Architecture and connections of retrosplenial area 30 in the rhesus monkey (macaca mulatta).

Authors

  • Renée Morris,

    1. Montreal Neurological Institute, Department of Neurology and Neurosurgery, McGill University, Montreal, Qc, Canada H3 A 2B4
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  • Michael Petrides,

    1. Montreal Neurological Institute, Department of Neurology and Neurosurgery, McGill University, Montreal, Qc, Canada H3 A 2B4
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  • Deepak N. Pandya

    1. Department of Anatomy and Neurology, Boston University School of Medicine and Harvard Neurological Unit, Beth Israel Hospital, Boston MA 02215, USA
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: Dr Renée Morris, Department of Biomedical Science, University of Wollongong, Northfields Avenue, Wollongong, NSW, 2522, Australia.
E-mail: renee.morris@uow.edu.au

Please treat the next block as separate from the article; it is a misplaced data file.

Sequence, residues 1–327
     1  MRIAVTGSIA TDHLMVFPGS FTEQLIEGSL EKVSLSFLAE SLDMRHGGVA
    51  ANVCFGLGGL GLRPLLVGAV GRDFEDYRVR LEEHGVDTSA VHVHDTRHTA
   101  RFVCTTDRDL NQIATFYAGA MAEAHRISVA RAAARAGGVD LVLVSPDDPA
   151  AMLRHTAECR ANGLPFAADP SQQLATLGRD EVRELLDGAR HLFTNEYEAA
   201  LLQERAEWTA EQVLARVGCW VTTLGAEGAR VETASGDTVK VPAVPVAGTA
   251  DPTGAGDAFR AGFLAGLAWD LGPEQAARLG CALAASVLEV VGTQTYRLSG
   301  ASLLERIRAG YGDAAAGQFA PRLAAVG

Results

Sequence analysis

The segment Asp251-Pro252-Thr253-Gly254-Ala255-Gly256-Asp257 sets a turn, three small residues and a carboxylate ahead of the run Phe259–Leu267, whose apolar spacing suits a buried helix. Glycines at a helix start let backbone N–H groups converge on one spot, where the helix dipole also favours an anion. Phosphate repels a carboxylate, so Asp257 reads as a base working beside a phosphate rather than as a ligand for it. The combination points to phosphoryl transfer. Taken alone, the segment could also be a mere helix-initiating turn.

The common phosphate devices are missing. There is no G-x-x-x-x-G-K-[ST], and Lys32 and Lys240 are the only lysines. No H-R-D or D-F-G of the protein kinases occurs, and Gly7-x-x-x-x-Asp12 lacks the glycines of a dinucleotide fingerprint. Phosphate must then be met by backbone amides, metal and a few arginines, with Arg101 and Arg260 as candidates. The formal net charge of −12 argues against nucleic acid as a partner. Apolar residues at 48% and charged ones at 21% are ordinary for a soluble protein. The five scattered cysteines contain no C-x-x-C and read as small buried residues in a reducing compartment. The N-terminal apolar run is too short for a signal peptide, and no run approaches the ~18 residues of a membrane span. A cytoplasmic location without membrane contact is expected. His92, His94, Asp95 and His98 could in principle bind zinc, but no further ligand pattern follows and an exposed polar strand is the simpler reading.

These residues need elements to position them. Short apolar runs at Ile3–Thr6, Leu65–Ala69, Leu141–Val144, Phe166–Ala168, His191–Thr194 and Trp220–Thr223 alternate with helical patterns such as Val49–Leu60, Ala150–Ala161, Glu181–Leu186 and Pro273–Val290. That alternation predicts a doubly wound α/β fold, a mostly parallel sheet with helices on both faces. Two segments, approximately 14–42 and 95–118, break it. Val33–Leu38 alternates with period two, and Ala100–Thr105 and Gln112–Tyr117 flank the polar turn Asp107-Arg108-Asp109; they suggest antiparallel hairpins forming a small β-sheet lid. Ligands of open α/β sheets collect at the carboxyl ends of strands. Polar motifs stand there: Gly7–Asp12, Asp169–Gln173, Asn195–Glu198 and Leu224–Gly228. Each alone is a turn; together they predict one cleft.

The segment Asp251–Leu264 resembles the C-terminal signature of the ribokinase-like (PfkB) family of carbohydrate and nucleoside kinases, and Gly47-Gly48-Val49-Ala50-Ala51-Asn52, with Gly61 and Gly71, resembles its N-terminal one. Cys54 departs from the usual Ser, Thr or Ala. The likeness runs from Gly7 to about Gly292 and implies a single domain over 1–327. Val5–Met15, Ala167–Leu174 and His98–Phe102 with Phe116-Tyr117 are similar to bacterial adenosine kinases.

Abstract

Because of the sharp curvature of the retrosplenial region around the splenium of the corpus callosum, standard coronal sections are not appropriate for architectonic analysis of its posteroventral part. In the present study, examination of the posteroventral retrosplenial region of the rhesus monkey in sections that were orthogonal to its axis of curvature (and therefore appropriate for architectonic analysis) has permitted definition of its architecture and precise extent. This analysis demonstrated that areas 29 and 30 of the retrosplenial cortex, as well as adjacent area 23 of the posterior cingulate cortex, extend together as an arch around the splenium of the corpus callosum and maintain their topographical relationship with one another throughout their entire course. Injections of anterograde and retrograde tracers confined to retrosplenial area 30 revealed that this area has reciprocal connections with adjacent areas 23, 19 and PGm, with the mid-dorsolateral part of the prefrontal cortex (areas 9, 9/46 and 46), with multimodal area TPO in the superior temporal sulcus, as well as the posterior parahippocampal cortex, the presubiculum and the entorhinal cortex. There are also bidirectional connections with the lateroposterior thalamic nucleus, as well as the laterodorsal and the anteroventral limbic thalamic nuclei. The connectivity of area 30 suggests that it may play a role in working memory processes subserved by the mid-dorsolateral frontal cortex in interaction with the hippocampal system.

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